A Canyonlands National Park ranger explains the air monitoring station in Island in the Sky to visitors. Utah regulators recently released an updated plan to reduce regional haze at the park and other prime airsheds around the state. [Photo by Neal Herbert / National Park Service]

Regional air quality could improve significantly by this time next month, when utility Rocky Mountain Power is set to close its aging Carbon coal-fired power plant near Helper.

State regulators are predicting that the looming closure of the 172-megawatt facility could go a long way in enhancing year-round visibility at places like Canyonlands National Park’s Island in the Sky district. They’re factoring the anticipated reductions into an updated plan to reduce regional haze at national parks and high-quality airsheds in eastern Utah, western Colorado and northern Arizona.

“We have a lot of confidence that we’re going to see results over the long term,” Utah Division of Air Quality environmental scientist Colleen Delaney said March 9.

Rocky Mountain Power spokesman Dave Eskelsen said his company believes the state’s proposal falls in line with the outcome that the U.S. Environmental Protection Agency (EPA) is seeking.

“You actually get better results with the state’s plan than you would with greater nitrogen oxide controls,” Eskelsen said.

But environmental groups and clean air advocates say the state’s plan doesn’t go far enough to reduce emissions that contribute to degraded visibility at national parks.

They argue that the Utah Air Quality Board should adopt stricter controls on emissions from Rocky Mountain Power’s much larger Hunter and Huntington coal-fired plants in Emery County, which are directly upwind of Moab.

Local resident Wayne Hoskisson, who serves with the Sierra Club’s Glen Canyon Group, said that regional air quality problems are complex, and can’t be solved with a single action.

“There are a whole lot of issues around air quality and regional haze here that are not going to be satisfied by closing one smaller plant,” he said.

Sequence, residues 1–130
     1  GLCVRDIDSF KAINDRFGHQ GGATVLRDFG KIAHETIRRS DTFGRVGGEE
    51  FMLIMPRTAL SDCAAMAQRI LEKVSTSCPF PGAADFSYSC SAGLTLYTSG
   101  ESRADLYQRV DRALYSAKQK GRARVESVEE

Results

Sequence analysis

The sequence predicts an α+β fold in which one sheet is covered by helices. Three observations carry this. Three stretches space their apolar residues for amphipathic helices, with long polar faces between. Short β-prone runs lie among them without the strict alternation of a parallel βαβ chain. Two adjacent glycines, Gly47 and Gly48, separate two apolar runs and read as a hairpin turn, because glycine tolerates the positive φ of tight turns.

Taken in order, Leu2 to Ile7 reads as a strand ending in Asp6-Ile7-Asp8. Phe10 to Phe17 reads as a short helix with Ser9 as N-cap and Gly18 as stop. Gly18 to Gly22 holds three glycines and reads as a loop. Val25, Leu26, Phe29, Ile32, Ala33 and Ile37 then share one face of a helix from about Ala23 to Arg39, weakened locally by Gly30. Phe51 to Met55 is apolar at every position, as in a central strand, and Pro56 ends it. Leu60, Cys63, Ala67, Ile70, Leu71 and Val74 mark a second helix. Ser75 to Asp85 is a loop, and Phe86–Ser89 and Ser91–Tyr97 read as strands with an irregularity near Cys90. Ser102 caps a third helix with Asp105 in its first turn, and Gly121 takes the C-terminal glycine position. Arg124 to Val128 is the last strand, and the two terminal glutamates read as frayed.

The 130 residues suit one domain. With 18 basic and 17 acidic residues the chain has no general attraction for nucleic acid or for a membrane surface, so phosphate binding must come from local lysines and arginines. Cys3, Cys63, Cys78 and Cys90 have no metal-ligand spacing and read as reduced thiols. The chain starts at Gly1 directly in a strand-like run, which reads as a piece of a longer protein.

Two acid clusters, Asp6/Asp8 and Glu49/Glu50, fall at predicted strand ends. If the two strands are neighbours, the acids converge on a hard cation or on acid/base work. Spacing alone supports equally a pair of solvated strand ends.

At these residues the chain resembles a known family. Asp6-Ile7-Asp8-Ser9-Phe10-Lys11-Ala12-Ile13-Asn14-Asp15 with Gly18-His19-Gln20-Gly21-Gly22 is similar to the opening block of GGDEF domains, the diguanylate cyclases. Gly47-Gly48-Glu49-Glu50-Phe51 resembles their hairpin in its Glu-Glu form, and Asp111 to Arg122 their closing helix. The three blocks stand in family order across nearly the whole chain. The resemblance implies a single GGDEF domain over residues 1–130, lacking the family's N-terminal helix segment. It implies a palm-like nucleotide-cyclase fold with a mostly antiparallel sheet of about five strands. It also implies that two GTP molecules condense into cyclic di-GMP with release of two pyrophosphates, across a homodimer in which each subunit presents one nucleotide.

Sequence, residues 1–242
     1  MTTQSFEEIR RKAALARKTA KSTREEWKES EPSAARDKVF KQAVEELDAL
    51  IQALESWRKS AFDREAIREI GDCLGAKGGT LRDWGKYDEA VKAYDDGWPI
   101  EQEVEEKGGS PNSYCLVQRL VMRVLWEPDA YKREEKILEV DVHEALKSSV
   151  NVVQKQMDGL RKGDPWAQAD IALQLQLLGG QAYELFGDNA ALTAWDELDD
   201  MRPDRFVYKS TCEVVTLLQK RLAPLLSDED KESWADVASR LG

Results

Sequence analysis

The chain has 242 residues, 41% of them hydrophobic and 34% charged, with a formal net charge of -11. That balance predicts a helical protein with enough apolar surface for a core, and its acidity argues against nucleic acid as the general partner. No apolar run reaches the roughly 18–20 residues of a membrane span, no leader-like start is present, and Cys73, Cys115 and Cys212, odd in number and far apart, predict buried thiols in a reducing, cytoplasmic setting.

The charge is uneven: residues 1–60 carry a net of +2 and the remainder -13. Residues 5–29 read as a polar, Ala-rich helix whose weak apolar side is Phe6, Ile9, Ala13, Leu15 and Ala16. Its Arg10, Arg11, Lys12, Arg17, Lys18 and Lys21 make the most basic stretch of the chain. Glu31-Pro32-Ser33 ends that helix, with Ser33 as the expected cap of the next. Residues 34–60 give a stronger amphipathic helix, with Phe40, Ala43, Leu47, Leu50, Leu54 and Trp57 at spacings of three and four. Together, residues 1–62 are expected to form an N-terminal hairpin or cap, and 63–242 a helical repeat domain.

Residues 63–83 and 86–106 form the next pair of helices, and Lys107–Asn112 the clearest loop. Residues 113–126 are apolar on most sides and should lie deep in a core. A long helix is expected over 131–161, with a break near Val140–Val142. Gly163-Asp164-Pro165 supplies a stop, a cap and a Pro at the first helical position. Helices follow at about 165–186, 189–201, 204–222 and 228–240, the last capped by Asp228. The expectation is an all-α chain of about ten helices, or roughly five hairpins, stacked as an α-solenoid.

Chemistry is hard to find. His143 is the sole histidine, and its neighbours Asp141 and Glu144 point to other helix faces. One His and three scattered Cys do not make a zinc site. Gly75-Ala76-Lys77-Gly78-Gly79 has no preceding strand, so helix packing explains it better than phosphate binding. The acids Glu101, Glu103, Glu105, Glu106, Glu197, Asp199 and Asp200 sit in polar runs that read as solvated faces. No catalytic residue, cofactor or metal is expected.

On the other hand, Hoskisson believes the state can tackle those problems by ordering Rocky Mountain Power to upgrade its 1,300-megawatt Hunter Plant near Castle Dale and its 895-megawatt Huntington Plant near the town of the same name.

“We do think those two are the primary pieces for solving air quality problems at Canyonlands,” he said.

Grand County Council vice chair Chris Baird encourages the plants’ operator to follow the steps that coal-fired power plants in neighboring states have taken – or are taking – to cut their emissions.

“If we have the capacity to eliminate our emissions, then we ought to do it,” he said.

Delaney counters that both Emery County plants have already made extensive upgrades to their emission-control technologies.

“Back in 2008, pretty substantial improvements were made at all of the units we’re looking at,” she said.

In recent years, she said, those upgrades have led to “very substantial” reductions in emissions of sulfur dioxide and nitrogen oxides – including a 50 percent drop in nitrogen oxide emissions.

Delaney said that criticism of the state’s plan to reduce regional haze overlooks the accomplishments that Utah regulators have made over the last 15-plus years.

“A lot has been done, and it was done early,” she said. “You need to look at the bigger picture of what’s been achieved.”

However, Baird thinks that the state’s plan falls short in one emerging area of concern.

When nitrogen oxides react with volatile organic compounds on sunny days, they form another pollutant: ground-level ozone.

As it is, Baird said, ground-level ozone concentrations at Island in the Sky sometimes teeter on the edge of acceptable levels, as defined by a group of EPA advisers.